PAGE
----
This post originally appeared on RealMoney on April 28 at 9:10 a.m. EDT. To see Ron Insana's post's in real-time, you can click here to join RealMoney.

The Mamas and the Papas thought, some four decades ago, that Mondays could not be trusted. They sang about how every other day of the week was fine (yeah), but not Monday. And we know why: The weekend was over. It was back to the grind, the salt mine, the office.

But in this secular bear market, that all changed. In the last year, Sundays appear to be the riskiest day of the week, for Wall Street if not for Main Street. In the 25 years that I have participated in the financial markets, I can't recall a time that the "day of rest" was so fraught with risk.

Having cut my teeth in financial news in the 1980s and '90s, I became accustomed to "Black Mondays" and "Turnaround Tuesdays." But in the last 12 months, we have been repeatedly confronted with "Sunday, Bloody Sunday" almost every weekend, when a different financial failure, government edict or natural disaster takes on almost supernatural importance for the markets.

In just the last several weeks, we've had Sundays spoil or threaten the nascent, but very important, rebounds taking place in the financial markets. Those rebounds are of particular importance now because they represent the very necessary preconditions for a sustainable rebound in the real economy.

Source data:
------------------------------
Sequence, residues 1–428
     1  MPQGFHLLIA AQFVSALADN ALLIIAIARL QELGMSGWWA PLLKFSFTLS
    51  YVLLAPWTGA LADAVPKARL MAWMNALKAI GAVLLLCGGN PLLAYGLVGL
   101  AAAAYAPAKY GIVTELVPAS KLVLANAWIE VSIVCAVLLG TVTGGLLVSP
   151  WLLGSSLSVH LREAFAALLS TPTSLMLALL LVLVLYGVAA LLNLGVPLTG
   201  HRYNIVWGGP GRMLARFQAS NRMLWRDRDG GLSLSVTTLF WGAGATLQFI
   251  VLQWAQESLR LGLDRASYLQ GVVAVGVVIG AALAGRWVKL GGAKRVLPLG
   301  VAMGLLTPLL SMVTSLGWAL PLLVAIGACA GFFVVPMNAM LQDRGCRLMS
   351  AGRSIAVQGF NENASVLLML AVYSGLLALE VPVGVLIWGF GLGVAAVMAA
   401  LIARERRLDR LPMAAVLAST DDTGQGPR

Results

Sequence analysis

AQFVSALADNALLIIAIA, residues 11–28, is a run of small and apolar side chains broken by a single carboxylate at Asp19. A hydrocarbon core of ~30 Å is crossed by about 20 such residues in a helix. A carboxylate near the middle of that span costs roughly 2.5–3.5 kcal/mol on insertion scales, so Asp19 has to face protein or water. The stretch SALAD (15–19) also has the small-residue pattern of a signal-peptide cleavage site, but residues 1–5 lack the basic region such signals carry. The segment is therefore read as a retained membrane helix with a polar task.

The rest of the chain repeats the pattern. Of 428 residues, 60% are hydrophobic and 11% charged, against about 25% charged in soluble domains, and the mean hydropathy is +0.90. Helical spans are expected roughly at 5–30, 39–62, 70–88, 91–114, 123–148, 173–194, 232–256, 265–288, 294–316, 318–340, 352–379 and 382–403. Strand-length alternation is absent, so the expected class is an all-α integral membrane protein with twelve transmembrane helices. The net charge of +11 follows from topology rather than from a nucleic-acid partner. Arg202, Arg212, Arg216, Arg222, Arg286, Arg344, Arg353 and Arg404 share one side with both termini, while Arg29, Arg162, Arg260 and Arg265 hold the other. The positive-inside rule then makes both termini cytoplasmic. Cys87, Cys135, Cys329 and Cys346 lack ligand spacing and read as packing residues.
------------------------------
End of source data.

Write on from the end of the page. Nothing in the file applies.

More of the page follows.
Despite recent improvements on Wall Street, though, the weekend revelations have threatened to challenge Main Street's ability to reconnect to the stock market's renewed, but cautious, optimism.

Just a few short weeks ago; the Obama administration fired GM ( GM) CEO Rick Wagoner, as the long arm of the government stretched all the way from the Potomac to Pontiac, Mich.

That extremely visible hand putting a steely grip on GM's admittedly wobbly steering wheel smacked not just of too much government interference in business, but of a level of involvement more typical of a president's handlers than of the president himself.

If you liked this article you might like

Fed Must Soothe Market to Sustain Recovery

Fed Must Soothe Market to Sustain Recovery

Wall Street Hypocrisy Invokes Jesus to Justify Bonuses: Opinion

Wall Street Hypocrisy Invokes Jesus to Justify Bonuses: Opinion

Insana: Iran's a Time Bomb

Insana: Iran's a Time Bomb

Insana: Why I Went Fully Into Cash

Insana: Why I Went Fully Into Cash

Insana: A Global Melt-Up

Insana: A Global Melt-Up